Tigre tapi ou dragon de papier ?

Alors qu'il témoignait devant la Commission parlementaire américaine sur les capacités militaires chinoises, un expert militaire détaillait le programme d'armement militaire singulièrement puissant que l'Armée de libération du peuple (ALP) développe actuellement. Il mit en évidence plus particulièrement le nombre croissant de missiles balistiques de courte, moyenne et longue portée. Pourtant, cet expert concluait qu'en dépit du nombre alarmant de missiles, ils ne constituaient pas en eux-mêmes une « accumulation ».

Étonnés de cette conclusion, les parlementaires ont alors commencé à poser une question sans relâche : si les missiles existants ne constituent pas une « accumulation », quelle quantité de missiles représenterait une accumulation ? L'impossibilité d'apporter une réponse à cette question a clairement exorcisé et mis en colère l'expert aussi bien que la commission.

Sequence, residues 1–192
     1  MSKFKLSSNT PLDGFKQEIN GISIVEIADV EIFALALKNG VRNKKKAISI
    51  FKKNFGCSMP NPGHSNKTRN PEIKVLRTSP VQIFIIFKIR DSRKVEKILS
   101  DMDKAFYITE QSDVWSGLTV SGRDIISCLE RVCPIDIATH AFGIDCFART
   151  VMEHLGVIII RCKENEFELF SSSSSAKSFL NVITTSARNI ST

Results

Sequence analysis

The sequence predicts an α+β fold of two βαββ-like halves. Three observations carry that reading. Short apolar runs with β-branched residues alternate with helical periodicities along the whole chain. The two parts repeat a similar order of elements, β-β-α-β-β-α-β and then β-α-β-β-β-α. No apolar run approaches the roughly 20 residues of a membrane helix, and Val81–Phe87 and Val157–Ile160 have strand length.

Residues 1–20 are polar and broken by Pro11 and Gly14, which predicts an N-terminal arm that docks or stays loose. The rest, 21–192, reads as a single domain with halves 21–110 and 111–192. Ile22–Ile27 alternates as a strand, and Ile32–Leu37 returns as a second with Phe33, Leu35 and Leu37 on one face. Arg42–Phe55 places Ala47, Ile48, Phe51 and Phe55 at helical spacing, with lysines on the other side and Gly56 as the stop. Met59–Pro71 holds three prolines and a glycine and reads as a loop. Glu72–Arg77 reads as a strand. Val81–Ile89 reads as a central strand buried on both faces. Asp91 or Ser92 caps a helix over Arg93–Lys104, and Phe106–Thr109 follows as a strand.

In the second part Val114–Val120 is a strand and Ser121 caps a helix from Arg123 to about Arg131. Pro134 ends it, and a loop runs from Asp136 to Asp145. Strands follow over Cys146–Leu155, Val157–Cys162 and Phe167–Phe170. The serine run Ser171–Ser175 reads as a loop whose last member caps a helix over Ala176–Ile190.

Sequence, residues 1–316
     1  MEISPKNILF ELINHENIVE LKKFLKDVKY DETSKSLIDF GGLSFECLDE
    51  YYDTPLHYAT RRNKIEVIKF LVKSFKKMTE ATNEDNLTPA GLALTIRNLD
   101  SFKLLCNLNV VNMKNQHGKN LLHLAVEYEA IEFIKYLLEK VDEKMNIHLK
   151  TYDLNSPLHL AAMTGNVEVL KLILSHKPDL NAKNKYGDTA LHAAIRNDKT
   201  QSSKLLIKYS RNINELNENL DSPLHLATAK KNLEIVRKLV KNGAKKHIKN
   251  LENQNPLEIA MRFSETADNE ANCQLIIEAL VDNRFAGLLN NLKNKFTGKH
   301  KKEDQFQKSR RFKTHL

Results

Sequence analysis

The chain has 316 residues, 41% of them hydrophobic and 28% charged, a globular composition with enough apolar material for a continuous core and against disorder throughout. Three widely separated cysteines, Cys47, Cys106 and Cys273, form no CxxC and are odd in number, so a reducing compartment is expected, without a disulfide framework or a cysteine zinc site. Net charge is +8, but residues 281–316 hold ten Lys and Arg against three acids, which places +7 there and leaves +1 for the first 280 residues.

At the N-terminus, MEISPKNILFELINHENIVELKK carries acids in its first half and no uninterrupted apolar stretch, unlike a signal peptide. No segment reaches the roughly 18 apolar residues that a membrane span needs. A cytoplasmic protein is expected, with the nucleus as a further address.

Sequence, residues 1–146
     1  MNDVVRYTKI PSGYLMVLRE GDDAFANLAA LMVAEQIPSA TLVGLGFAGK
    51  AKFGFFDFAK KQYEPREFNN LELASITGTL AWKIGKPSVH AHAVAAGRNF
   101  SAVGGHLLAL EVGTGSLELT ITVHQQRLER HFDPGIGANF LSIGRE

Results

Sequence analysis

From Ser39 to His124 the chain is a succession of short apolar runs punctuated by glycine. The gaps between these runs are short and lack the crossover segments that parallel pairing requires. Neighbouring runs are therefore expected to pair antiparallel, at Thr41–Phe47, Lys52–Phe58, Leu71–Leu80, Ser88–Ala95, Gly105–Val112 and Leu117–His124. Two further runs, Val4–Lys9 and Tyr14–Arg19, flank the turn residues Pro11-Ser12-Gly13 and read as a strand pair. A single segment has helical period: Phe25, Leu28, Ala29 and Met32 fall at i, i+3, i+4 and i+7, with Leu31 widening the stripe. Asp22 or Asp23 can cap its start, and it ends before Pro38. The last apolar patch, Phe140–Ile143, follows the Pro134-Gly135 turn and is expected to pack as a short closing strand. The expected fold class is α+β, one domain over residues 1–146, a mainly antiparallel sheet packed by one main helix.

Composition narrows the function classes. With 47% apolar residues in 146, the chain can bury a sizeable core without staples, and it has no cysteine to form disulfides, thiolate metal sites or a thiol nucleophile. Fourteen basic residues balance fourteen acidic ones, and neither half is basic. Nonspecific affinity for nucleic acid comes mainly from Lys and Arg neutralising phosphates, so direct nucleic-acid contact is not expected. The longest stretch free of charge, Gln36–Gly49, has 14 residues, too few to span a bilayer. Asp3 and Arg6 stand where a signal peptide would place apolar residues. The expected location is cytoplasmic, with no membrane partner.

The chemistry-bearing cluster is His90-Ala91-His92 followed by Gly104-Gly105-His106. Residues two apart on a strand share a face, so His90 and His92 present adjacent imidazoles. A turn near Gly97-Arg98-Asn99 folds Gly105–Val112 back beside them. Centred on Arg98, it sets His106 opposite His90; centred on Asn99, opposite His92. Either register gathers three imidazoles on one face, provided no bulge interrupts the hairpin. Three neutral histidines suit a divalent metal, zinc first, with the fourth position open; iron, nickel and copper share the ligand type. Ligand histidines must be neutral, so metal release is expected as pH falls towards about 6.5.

Ainsi cet épisode illustre un problème fondamental et frustrant : plus l'on sait ce qui se passe en Chine moins l'on est rassuré sur la menace que la Chine pourrait représenter. Nous savons que la Chine a doublé par deux fois son budget de défense militaire pour, entre autres, soutenir son programme de développement massif d'armes qui porte sur la modernisation de ses capacités nucléaires comme force de dissuasion. Pourtant, nous ne pouvons décider si cette accumulation représente une menace.

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